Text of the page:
Free, on-demand streaming music is a rising tide: since the start of 2009, I've covered relatively new services like Spotify and Just Hear It, and there are plenty of established players like MySpace Music, Imeem, and Grooveshark.
Instead of trying to stop the tide, Sony Music has wisely embraced it: starting today, the company will introduce streaming music players on the Web sites of its most popular artists, including popsters like Kelly Clarkson, John Legend, and Jacko himself. It makes perfect business sense: instead of letting some third party like Imeem sell advertisements against high-demand music, Sony can sell or display its own ads.
Of course, they couldn't make it too easy--finding the audio on Michael Jackson's site took a few clicks, including one that forced me to identify my country, and the songs were embedded in the Sony-specific MyPlay player, which is an interesting piece of technology but only lets you create playlists with songs from other artists with MyPlay players. More generally, I wonder if it's too late for these label-specific initiatives--I'm sure plenty of hardcore Britney fans have her Web site bookmarked, but most music listeners probably prefer to use services that let you compile lists from multiple artists on multiple labels.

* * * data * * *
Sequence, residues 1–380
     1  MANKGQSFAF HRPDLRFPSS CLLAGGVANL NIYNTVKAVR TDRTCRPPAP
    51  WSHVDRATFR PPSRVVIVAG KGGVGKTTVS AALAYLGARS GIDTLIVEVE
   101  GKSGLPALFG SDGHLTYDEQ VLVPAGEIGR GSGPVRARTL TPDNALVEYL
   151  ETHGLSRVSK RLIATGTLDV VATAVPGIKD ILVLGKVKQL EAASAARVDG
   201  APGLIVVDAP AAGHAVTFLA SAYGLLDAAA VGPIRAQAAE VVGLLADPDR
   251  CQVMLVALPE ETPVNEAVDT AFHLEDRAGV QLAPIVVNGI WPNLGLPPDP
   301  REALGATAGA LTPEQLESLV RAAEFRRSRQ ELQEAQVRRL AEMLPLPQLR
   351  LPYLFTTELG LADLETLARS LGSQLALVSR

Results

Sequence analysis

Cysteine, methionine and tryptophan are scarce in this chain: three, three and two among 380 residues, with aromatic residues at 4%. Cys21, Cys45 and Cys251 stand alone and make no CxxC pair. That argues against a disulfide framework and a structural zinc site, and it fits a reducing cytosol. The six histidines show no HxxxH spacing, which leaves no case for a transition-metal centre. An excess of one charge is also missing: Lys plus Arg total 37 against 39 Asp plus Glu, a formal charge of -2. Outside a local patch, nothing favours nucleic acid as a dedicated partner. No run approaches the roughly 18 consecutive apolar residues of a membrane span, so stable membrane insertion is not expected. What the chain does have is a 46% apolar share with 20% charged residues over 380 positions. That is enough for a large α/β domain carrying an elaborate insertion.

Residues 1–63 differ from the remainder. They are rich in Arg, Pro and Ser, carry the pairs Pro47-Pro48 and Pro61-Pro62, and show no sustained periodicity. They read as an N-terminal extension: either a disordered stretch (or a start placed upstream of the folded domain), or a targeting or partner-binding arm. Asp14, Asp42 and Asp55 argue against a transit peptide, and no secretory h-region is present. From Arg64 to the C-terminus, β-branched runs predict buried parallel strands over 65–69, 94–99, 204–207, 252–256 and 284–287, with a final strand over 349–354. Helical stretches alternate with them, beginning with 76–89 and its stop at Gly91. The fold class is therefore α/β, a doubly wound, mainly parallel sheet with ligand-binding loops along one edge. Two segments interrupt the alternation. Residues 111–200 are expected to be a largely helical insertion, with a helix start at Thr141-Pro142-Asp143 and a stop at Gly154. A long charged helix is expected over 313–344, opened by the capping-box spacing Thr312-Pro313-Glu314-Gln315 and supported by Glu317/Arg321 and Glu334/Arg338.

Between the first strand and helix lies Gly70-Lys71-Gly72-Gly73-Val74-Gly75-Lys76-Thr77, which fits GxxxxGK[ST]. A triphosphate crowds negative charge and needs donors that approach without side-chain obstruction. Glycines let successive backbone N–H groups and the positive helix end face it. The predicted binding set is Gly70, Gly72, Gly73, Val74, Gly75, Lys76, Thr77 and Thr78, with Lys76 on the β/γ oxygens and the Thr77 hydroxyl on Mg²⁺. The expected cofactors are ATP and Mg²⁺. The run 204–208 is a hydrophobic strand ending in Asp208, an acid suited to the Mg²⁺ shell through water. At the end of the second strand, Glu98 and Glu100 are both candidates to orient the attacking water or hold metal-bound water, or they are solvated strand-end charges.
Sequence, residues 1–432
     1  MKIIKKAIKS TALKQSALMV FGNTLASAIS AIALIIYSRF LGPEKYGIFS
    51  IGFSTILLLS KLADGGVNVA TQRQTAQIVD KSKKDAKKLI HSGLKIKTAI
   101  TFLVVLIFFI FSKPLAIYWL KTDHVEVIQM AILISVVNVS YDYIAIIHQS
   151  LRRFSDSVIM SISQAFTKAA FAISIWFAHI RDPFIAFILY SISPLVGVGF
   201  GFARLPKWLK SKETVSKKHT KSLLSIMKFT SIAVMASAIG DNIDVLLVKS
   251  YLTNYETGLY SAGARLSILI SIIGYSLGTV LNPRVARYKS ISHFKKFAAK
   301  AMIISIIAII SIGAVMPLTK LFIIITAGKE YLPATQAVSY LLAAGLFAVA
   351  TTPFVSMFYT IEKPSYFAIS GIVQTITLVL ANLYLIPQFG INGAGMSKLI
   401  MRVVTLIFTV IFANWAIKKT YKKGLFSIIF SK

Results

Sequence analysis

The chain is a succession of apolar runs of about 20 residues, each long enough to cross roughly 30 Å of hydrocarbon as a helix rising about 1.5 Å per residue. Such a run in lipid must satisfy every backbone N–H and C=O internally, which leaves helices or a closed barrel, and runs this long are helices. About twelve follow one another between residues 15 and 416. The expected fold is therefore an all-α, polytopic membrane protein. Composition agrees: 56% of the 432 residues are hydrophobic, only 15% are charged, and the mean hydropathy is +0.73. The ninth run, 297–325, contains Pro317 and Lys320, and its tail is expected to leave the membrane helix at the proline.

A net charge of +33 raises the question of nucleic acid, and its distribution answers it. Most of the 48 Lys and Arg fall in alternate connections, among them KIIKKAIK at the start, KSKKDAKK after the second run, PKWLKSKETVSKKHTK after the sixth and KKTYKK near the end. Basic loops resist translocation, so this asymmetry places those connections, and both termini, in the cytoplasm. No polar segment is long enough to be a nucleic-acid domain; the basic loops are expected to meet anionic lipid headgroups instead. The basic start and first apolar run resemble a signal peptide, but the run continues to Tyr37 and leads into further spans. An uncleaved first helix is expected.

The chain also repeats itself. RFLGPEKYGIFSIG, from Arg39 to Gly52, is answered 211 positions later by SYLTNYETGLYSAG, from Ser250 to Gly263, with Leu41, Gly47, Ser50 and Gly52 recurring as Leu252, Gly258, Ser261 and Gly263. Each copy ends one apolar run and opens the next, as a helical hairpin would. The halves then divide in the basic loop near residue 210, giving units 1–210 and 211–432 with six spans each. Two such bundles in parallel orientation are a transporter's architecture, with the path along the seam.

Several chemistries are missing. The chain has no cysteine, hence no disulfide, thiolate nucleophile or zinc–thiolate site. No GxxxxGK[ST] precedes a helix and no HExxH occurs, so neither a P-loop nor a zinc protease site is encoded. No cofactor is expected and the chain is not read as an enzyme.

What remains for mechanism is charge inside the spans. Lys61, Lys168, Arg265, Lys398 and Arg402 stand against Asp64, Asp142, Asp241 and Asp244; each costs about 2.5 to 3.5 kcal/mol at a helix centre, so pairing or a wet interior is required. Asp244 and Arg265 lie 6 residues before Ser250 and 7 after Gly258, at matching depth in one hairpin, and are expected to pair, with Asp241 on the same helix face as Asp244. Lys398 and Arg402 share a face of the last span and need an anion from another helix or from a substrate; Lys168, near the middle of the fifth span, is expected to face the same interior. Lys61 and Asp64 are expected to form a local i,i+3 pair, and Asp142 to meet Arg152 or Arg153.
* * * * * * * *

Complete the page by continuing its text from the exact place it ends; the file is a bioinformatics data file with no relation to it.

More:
Sony is also adding lyrics to these artists' sites, provided by the company's own Gracenote subsidiary. Excellent move. I can't believe it's taken this long, given the lack of decent lyrics sites out there. In fact, I still don't understand the reluctance to publish lyrics online--what are people going to steal? What money is the artist or copyright owner losing? Kudos for Sony for taking a baby step toward ending this silliness.